Occupational Hazards

So I hated life, because the work that is done under the sun was grievous to me. All of it is meaningless, a chasing after the wind (Eccl.2:17).

Most of us are not content to live a life of meaninglessness. We have that which we want to do, and that which we must, and in all we try to find a sense of purpose in all of our efforts. None of us want to reach our final days only to look back in disappointment and regret. We hope, instead , to look back at a life that was full and purposeful--a life full of accomplishment that will mean something to others even after we have passed on.
Where each of us finds a sense of purposeful living is sure to differ from one person to the next, yet we still cannot escape the need to attach meaning to our lives, and purpose to our efforts. We are sure to meet up with some people who would truly find a lacking of purpose in their lives, yet that is a concept too painful to face, and so they go on day to day and simply ignore the possibilities that their lives are like a chasing after the wind.
The writer of Ecclesiastes explains:

Yea, I hated all my labour which I had taken under the sun: because I should leave it unto the man that shall be after me. And who knoweth whether he shall be a wise [man] or a fool? yet shall he have rule over all my labour wherein I have laboured, and wherein I have showed myself wise under the sun. This [is] also vanity. Therefore I went about to cause my heart to despair of all the labour which I took under the sun. For there is a man whose labour [is] in wisdom, and in knowledge, and in equity; yet to a man that hath not laboured therein shall he leave it [for] his portion. This also [is] vanity and a great evil (vs.18-21).

This is the picture of a man who sees his efforts as futile and his work as vanity. He despairs in that he sees that in the end, all of his work will seem to mean nothing. It will be forgotten, and what it produced will be consumed by those left behind, and even with them it will soon vanish.
We consider the day we will look back and wonder what we have to show for all of our work--all of our "toil under the sun." Seldom do we measure such and event in dollar signs, business conquests or scholastic degrees. But we hope instead to see things that are more lasting, such as the lasting impressions we made in the lives of family members, or the lasting influence we might have been to someone who needed a good Christian role model. Perhaps our accomplishments will be seen in the time we spent with someone in need, or the moments we put aside self long enough to share Jesus with one who needed to know who God really is--and that He came to save all of us.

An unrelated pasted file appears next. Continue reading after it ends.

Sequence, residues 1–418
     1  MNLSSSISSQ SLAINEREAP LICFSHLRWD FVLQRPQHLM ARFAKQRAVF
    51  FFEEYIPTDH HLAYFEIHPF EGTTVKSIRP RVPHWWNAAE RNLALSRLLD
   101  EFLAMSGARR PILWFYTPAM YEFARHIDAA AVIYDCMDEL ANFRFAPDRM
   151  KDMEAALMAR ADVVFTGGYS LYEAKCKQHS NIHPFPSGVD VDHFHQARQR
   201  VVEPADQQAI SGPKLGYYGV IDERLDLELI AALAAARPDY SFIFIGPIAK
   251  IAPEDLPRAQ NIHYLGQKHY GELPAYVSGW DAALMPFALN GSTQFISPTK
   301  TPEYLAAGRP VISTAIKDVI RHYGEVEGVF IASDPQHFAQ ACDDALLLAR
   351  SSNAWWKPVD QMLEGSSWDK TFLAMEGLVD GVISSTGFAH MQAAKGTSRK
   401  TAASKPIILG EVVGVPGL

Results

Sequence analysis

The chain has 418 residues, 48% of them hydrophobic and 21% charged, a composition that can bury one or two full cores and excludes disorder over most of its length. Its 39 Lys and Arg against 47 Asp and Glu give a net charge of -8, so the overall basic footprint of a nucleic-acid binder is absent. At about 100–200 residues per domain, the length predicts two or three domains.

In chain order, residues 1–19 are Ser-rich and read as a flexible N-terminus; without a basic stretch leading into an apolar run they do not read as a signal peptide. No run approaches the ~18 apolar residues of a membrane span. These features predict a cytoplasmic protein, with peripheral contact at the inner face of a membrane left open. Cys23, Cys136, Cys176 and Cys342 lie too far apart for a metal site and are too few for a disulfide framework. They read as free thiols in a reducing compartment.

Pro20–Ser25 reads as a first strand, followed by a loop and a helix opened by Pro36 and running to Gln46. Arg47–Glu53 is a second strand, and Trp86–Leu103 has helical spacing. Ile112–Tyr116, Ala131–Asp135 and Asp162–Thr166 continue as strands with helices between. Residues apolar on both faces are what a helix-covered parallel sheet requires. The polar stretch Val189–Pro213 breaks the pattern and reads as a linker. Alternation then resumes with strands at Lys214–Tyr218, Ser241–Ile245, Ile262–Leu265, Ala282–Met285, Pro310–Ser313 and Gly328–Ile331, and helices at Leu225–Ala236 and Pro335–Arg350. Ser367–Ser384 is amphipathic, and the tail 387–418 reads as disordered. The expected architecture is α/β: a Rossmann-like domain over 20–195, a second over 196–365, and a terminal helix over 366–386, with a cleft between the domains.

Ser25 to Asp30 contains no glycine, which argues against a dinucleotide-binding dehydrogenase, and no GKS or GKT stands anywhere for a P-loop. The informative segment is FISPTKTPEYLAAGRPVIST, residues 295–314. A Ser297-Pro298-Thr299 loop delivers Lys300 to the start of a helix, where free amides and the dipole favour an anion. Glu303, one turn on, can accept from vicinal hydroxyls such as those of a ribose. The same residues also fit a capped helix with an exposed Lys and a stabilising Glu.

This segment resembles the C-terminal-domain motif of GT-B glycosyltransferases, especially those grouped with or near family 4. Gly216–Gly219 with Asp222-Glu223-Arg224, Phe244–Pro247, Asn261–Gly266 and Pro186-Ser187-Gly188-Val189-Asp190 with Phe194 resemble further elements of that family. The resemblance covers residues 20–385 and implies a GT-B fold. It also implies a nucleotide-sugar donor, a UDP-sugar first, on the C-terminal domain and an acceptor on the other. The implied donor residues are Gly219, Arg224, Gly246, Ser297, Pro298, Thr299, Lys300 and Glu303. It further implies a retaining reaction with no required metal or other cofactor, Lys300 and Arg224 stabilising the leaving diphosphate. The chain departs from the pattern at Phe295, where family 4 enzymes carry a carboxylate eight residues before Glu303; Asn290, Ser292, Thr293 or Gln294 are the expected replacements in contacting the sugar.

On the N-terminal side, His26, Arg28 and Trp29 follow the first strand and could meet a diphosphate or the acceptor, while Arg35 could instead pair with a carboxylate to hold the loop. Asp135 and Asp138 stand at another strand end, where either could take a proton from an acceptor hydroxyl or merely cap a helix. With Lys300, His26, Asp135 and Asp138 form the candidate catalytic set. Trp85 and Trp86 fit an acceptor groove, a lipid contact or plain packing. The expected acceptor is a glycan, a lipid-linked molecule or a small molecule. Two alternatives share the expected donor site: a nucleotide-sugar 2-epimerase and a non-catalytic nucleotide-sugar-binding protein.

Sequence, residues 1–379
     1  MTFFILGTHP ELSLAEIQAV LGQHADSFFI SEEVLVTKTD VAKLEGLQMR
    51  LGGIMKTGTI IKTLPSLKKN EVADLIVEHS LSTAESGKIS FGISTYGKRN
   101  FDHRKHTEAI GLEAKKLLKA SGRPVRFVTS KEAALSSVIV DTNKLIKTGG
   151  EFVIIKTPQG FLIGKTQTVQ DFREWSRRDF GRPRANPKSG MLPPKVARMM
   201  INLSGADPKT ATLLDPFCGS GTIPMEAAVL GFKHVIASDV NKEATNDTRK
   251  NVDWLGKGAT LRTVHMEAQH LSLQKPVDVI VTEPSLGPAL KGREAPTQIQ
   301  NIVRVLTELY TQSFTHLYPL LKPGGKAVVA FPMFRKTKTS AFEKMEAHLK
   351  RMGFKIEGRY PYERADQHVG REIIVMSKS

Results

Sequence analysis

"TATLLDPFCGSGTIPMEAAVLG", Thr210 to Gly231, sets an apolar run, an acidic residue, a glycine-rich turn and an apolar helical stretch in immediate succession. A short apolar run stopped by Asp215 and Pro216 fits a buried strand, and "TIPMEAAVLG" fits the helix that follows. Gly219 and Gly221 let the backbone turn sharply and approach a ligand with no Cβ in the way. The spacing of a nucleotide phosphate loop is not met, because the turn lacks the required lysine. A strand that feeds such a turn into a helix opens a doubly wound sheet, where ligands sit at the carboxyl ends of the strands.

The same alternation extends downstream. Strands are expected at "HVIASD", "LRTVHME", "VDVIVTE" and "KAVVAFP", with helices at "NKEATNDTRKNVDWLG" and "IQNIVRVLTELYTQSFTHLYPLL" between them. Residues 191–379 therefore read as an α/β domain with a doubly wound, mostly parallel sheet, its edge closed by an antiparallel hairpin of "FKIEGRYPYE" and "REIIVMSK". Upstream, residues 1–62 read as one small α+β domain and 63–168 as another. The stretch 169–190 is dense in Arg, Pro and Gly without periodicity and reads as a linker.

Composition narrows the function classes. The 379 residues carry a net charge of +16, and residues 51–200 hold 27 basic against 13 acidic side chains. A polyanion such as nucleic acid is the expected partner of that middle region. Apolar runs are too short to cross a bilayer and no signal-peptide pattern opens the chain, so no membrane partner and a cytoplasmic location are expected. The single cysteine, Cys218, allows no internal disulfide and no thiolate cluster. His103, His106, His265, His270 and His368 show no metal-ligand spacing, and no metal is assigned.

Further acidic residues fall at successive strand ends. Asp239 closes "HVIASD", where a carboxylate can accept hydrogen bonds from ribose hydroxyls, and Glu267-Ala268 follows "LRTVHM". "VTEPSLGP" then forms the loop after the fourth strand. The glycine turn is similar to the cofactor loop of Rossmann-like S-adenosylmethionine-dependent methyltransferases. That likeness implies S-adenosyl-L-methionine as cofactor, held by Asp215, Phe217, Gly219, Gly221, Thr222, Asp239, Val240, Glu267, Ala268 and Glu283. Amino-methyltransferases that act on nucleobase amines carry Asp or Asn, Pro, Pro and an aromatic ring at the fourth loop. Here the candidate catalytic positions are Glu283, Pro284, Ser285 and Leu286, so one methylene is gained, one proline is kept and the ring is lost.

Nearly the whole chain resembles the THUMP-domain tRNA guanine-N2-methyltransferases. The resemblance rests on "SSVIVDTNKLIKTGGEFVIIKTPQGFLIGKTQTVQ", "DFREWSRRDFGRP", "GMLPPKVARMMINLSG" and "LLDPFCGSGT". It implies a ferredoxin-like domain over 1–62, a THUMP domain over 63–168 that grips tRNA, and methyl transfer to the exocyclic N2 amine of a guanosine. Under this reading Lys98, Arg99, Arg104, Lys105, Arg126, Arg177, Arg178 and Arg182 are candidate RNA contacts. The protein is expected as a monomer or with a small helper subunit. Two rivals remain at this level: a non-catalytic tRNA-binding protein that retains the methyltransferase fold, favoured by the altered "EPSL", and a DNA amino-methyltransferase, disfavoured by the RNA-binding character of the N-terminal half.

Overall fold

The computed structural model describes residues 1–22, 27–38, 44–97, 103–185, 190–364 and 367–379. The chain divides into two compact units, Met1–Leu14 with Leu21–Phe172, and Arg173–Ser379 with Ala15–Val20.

We do not know the impact we will make on many people around us, but we have an opportunity to make that impact. Perhaps almost everyday, in the way we care for others or show kindness or thoughtfulness to someone who is just having a rotten day; perhaps in that we make a difference. Perhaps it is in leading someone as he prays to God to forgive him, and to be his Lord. And no matter how we share Jesus with another, whether in word or deed, in time or in love, we can rest assured that such labor is lasting and never in vain.
We have a limited amount of resources in this life. Our time, money and energy are exhaustible. But if we seek God's wisdom with these things, we will find that we have much to offer, and that even the simplest gestures have lasting benefits. Sharing our Lord and His love with others is an investment in eternity. It is never in vain, always beneficial, and certainly something we can one day look back on with fondness--and never regret.

Therefore, my dear brothers, stand firm. Let nothing move you. Always give yourself fully to the work of the Lord, because you know that your labor in the Lord is not in vain (1 Cor. 15:58).


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